Meaning Making Machines
“Thinking is easy, acting is difficult, and to put one’s thoughts into action is the most difficult thing in the world.” — Johann Wolfgang von Goethe
The one simple idea that could be useful for the rest of your life is this: You are not your thoughts. It is common to accept our thoughts as real, since we experience them and reason that they must be true. For example, if a friend doesn’t return our phone call, we may entertain negative thoughts and assume they don’t care about us. This might lead to spiralling thoughts and toxic emotions. When the person returns our call, we will no doubt give them a piece of our mind and remind them we deserve respect.
But let’s back up for a moment and examine this scenario further. We create a mental interpretation of a scenario we knew little about and attached meaning to it. Even though there might be several reasons our friend didn’t call, we inadvertently jumped to the wrong conclusion. We focussed on the negative aspects, instead of considering other reasons for their lack of communication. We do it often, even though the other person might have an unblemished track-record of returning calls. We assume the worst scenario and take offence, believing we were mistreated. So, why are we prone to negativity in these situations? Is it an evolutionary mechanism or is negativity wired into our DNA?
You Are Not Your Thoughts
“I find the great thing in this world is, not so much where we stand, as in what direction we are moving.” — Johann Wolfgang von Goethe
Evolutionary psychologists believe negativity is part of our genetic constitution, designed to help us discern imminent danger within the environment. It is a biological mechanism to protect us, yet it is less relevant in modern society than it did when our ancestors first roamed the savannah.
Our mind uses negativity as feedback to protect us from impending danger, otherwise known as a Negativity Bias. However, in the scenario described earlier, we were convinced our friend didn’t care for us and we were prepared to confront them because they hurt our feelings. Negativity is not necessarily bad, I would argue. It is something we must consider in our daily lives, but we mustn’t perceive it as detrimental. When I say you are not your thoughts, I am implying your experience of your thoughts does not define you as an individual. Thoughts are projections taking place in our mind to which we assign meaning.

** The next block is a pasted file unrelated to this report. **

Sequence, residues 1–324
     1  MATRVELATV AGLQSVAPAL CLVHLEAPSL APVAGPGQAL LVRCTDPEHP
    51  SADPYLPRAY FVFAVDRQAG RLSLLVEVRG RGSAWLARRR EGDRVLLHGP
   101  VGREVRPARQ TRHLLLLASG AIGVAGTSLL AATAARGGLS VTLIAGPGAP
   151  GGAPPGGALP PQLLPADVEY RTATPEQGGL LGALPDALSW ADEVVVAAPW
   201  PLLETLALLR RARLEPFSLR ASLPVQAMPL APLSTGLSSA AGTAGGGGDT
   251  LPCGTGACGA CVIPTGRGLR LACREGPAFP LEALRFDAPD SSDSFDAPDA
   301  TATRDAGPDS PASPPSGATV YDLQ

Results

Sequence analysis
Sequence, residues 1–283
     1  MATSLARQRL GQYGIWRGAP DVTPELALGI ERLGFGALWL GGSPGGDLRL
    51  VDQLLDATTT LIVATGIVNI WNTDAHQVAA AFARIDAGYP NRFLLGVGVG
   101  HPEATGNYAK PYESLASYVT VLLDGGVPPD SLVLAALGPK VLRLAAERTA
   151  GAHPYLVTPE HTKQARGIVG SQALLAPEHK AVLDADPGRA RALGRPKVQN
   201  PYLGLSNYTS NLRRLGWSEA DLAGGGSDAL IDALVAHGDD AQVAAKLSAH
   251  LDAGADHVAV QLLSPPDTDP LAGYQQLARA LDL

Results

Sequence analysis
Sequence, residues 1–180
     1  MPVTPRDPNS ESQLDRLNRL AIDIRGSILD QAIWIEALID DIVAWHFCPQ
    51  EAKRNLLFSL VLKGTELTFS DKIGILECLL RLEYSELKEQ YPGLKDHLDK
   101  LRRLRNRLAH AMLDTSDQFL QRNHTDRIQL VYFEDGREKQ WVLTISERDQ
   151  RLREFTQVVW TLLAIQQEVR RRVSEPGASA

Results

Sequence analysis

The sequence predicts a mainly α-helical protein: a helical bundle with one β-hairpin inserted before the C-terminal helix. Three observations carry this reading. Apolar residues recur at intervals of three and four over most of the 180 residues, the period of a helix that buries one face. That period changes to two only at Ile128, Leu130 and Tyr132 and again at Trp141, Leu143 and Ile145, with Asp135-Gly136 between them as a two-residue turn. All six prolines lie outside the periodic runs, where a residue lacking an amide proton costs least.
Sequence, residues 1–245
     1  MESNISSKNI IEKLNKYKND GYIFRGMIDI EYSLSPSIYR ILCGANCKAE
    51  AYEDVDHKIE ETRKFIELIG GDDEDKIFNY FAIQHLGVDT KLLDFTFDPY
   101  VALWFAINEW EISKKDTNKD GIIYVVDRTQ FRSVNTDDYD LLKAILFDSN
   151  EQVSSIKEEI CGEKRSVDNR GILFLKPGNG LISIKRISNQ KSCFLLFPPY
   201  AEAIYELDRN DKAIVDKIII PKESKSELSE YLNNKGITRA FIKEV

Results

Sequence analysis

The Body Is The Subconscious Mind
“We are what we repeatedly do; excellence, then, is not an act but a habit.” — Aristotle
A variety of factors influences our thoughts, including: our past conditioning, the stress in our life, our level of awareness, our general outlook on life, whether we’re a pessimist or an optimist, and our state of health. Yes, our health.
Those who suffer from poor health because of inadequate nutrition, lack of sleep and exercise are biologically prone to negativity. I realise this is a big declaration. However, the health of our microbiome impacts our psychological and emotional well-being to a large degree. The foods we eat affect our thoughts and emotions, as well as sleep and whether we exercise. These factors affect the gut—brain axis, which regulates the immune system and our interactions with others.